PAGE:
Film Criticism: Mortal Engines: War of the Cities

Endtime stories in which surviving factions fight for resources and survival are known. They do it in post-apocalyptic desert landscapes in cars and on motorcycles, in boats on the open sea, or in mechanical combat suits in destroyed cities. But what you haven’t seen yet are wars between gigantic cities that cross devastated landscapes on wheels or chains and hunt each other in the eternal search for food and fuel. So an opulent spectacle seems preprogrammed, but can something like this also convince?


The gigantic robbery city of London has left the British Isles because resources there are becoming scarce and the ever-growing city needs more and more food and energy. When she takes over a small trading town, the young Hester sneaks on board, because she has a bill open with Thaddeus Valentine, London’s leading researcher and archaeologist. She has sworn revenge because the unscrupulous man killed her mother when she was a little girl.

Although her assassination attempt fails, with the involuntary help of the up-and-coming researcher Tom, she is able to save herself from the city of robbery at the last second. While he only wants to get back to his hometown as soon as possible, Hester hasn’t given up her revenge plan yet. But now Valentine knows she’s alive and tries to get rid of her. Because his ambitious plans to make London the greatest power on earth are not to be jeopardized under any circumstances. When Tom and Hester realize what he is up to, they quickly have the common goal of stopping him. But what can two people do in the wilderness, in a world ruled by huge travelling cities?

© 2018 Universal Pictures International


Even though Peter Jackson has been accused of much evil after the Hobbit movies, the ability to conjure up a fantastic spectacle on the screen, nobody can deny him. And although he has only worked as a producer behind the scenes at Mortal Engines: War of the Cities, this talent can also be seen here without a doubt. It’s definitely no easy task to credibly capture a setup as crazy as it depicts driving big cities on film. And he and the team, with whom he already created the Lord of the Rings and Hobbit Trilogies, succeed in an impressive way. The style is highly reminiscent of classic steampunk, yet independent, and gives the movie its own flair. Especially the robber city London is an impressive piece of design, scenery and CGI art.

The story, borrowed from the novel of the same name, doesn’t reinvent the wheel, but it can convince and offers everything that great adventure cinema needs. Great emotions, breathless action and the well-being of a continent at stake. Add a pinch of humour, heroic nudes, and the fantasy epic is ready. That’s how you could leave it if Jackson (or whoever made this decision) hadn’t made another massive pacing mistake. If you’ve stretched the hobbit a lot too much, the viewer of Mortal Engines almost wants a multi-part, or at least a much longer movie. A lot of things seem to be unwound in order to be able to hurry on to the next storyline. This circumstance hardly gives you time to put yourself in the shoes of the actors, to fear them, or to feel with them. Especially the subplot around Hester and her “foster father” Shrike stands out. The much too short construction time hardly gives the audience the opportunity to feel the emotions of the one shown on the screen.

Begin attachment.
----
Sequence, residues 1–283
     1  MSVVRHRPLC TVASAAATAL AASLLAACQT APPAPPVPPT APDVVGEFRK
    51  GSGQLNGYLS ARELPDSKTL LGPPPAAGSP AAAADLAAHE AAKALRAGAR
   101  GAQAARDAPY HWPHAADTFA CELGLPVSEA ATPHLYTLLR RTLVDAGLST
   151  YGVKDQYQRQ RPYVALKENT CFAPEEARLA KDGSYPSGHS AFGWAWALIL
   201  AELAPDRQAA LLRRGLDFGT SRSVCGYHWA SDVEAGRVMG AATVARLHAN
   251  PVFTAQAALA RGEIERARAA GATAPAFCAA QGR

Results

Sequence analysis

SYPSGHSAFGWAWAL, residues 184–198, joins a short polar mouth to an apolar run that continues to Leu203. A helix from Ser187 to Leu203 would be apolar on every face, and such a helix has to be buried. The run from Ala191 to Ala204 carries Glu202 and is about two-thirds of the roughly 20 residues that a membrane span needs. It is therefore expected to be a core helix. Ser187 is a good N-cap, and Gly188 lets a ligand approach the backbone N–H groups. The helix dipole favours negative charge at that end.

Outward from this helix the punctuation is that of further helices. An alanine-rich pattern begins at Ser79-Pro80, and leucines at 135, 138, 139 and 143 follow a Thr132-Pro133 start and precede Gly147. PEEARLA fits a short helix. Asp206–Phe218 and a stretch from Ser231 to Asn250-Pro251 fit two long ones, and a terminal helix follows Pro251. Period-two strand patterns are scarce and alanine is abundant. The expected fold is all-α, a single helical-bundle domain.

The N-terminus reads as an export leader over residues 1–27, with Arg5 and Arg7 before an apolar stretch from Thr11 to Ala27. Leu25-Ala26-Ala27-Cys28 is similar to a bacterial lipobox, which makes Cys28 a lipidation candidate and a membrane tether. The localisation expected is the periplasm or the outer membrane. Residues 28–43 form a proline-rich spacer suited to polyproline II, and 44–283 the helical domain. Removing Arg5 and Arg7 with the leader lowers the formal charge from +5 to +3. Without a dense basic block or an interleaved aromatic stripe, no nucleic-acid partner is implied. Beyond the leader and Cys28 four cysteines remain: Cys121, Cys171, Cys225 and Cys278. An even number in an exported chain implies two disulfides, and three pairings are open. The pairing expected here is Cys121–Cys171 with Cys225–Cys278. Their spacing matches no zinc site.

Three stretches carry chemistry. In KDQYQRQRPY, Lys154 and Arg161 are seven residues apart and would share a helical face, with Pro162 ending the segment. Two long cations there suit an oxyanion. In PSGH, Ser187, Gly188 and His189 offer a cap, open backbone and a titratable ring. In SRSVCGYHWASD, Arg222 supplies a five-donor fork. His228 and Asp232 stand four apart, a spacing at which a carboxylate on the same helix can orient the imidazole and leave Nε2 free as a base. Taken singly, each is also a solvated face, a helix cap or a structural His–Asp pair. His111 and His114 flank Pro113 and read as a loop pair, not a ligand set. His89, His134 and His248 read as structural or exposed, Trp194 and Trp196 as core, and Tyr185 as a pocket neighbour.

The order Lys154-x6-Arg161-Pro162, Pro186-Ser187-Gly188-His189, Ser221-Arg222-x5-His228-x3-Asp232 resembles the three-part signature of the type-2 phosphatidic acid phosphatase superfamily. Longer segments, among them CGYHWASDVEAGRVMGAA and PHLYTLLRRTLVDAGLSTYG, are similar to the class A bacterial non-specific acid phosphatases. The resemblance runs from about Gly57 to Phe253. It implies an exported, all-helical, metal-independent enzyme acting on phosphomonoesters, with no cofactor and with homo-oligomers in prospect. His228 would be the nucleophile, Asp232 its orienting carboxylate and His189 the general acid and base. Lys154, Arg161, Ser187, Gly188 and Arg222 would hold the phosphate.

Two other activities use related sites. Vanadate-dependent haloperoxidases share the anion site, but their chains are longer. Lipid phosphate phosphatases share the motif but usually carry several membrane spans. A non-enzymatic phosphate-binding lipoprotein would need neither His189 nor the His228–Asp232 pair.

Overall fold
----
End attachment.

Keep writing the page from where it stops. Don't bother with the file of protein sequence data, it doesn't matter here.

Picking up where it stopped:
© 2018 Universal Pictures International

When the cast was cast, it was primarily unknown faces that were chosen, which in itself is a laudable thing. But in this case you should make sure to cast actors who have a certain talent and charisma. Hera Hilmar, who embodies Hester, still makes the best character. Her male counterpart, Robert Sheehan as Tom, remains pale and leaves no lasting impression. The same is true for most of the supporting characters, whereas Jihae as a cool air pirate bride seems downright out of place and unbelievable. The only really well-known name on the casting list is Hugo Weaving, who plays the villain Valentine. He can also convince without any problems, despite the somewhat immature motivations of his character.

As mentioned before, Mortal Engines is an optical spectacle. CGI is used massively because of its setting which is far away from reality, but its quality is beyond all doubt up to one or two tiny moments. The very own style is consistently reflected in the set, costume and world design, which makes the whole look like a whole. The editing does its best to slow down the overloaded script a bit, but it can’t work miracles. Director and camera correspond to what you would expect from a film of this kind. The sound design, too, makes every effort not to break the atmosphere of these huge, warring steel monsters. Musically, the score of Junkie XL can’t quite keep up with what’s offered for the eyes, but it sounds consistently good and fits seamlessly into the overall picture.

© 2018 Universal Pictures International


With Mortal Engines: War of the Cities the team around Peter Jackson presents us with an ambivalent package. All components of a thrilling and successful fantasy adventure are available. A powerful, fresh scenario and the not revolutionary, but quite interesting and multi-layered story, all competently mixed to a bombastic feast for the senses. Unfortunately, the movie is far too overloaded to take you on your journey with all your might, and rushes from one event to the next, without giving the audience time to really feel even the most emotional moments. The group of talented, yet pale actors does their best to let the implied depth come to the surface. What remains is an optically impressive, entertaining spectacle, that would have been more than helped by a longer running time.